De Gaulle blamed the institutions of the Fourth Republic for France's political weakness — a Gaullist reading still popular today. As he commissioned the new constitution and was responsible for its overall framework, de Gaulle is sometimes described as the author of the constitution, although it was effectively drafted during the summer of 1958 by the Gaullist Michel Debré. The draft tightly espoused the 1946 speech of Bayeux's propositions,[4] leading to a strong executive and to a rather presidential regime — the President being granted the responsibility of governing the Council of Ministers,[5] as well as to the adoption of article 16, granting "extraordinary powers" to the president if a state of emergency was proclaimed, and of bicameralism.

Although most politicians supported de Gaulle, François Mitterrand, who opposed the new Constitution, famously denounced "a permanent coup d'état" in 1964.[6] On 28 September 1958, a referendum took place and 79.2% of those who voted supported the new constitution and the creation of the Fifth Republic. The colonies (Algeria was officially three departments of France, not a colony) were given the choice between immediate independence and the new constitution. All colonies voted for the new constitution and the replacement of the French Union by the French Community, except Guinea, which thus became the first French African colony to gain independence, at the cost of the immediate cessation of all French assistance.[citation needed]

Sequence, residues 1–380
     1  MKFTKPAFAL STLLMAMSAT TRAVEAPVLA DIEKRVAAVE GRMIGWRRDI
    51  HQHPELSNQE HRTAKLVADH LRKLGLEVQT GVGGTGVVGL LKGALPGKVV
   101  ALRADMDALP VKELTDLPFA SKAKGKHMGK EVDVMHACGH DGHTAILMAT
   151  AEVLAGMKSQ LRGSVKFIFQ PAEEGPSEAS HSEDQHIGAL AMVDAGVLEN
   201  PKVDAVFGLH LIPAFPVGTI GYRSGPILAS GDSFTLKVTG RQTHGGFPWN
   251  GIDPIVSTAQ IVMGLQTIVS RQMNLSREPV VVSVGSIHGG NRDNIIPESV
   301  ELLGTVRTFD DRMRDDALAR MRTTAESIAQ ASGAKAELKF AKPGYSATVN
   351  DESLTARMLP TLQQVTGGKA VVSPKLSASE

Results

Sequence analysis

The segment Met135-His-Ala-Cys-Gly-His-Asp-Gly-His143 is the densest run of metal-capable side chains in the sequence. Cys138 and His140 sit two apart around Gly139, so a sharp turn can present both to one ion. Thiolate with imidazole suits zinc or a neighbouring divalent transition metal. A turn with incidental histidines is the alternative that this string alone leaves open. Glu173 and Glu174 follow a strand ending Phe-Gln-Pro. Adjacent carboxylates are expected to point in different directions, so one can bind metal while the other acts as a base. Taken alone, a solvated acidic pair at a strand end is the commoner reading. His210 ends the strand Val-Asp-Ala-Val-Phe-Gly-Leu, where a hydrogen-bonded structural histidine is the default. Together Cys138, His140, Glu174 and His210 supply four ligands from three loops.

De Gaulle was elected President of the French Republic and of the African and Malagasy Community on 21 December 1958 by indirect suffrage. He was invested on 8 January 1959. In the meanwhile, de Gaulle had met the German chancellor Konrad Adenauer on 14 September 1958; had sent a memorandum to US President Dwight D. Eisenhower on 17 September 1958, recalling his will of national independence; he also took financial measures on 27 December 1958 to reduce the state deficit, and, in Algeria, called for the "peace of the brave" (paix des braves) in October 1958.[citation needed]

See also[edit]

Footnotes[edit]

  1. ^ "Dien Bien Phu: Did the US offer France an A-bomb?". BBC news magazine. 5 May 2014. Retrieved 5 May 2014. 
  2. ^ French: « prêt à assumer les pouvoirs de la République »
  3. ^ Crozier, Brian; Mansell, Gerard (July 1960). "France and Algeria". International Affairs (Blackwell Publishing) 36 (3): p. 310. doi:10.2307/2610008. JSTOR 2610008. 
  4. ^ Charles De Gaulle (June 16, 1946). "Discours de Bayeux [Speech of Bayeux]" (in French). charles-de-gaulle.org. 
  5. ^ See the debates during the July Monarchy and the Bourbon Restoration concerning the role of the King and the role of the President of the Council
  6. ^ François Mitterrand, Le Coup d'Etat permanent, 1964

Further reading[edit]

  • Alexander, Martin S. and John FV Keiger, eds. France and the Algerian War, 1954-1962: Strategy, Operations and Diplomacy (Routledge, 2013)
  • Fenby, Jonathan. The General: Charles de Gaulle and the France He Saved (2010)
  • Jackson, Julian. De Gaulle (2005) pp 70-79
  • Sowerwine, Charles. France since 1870: Culture, Society and the Making of the Republic (2009) ch 21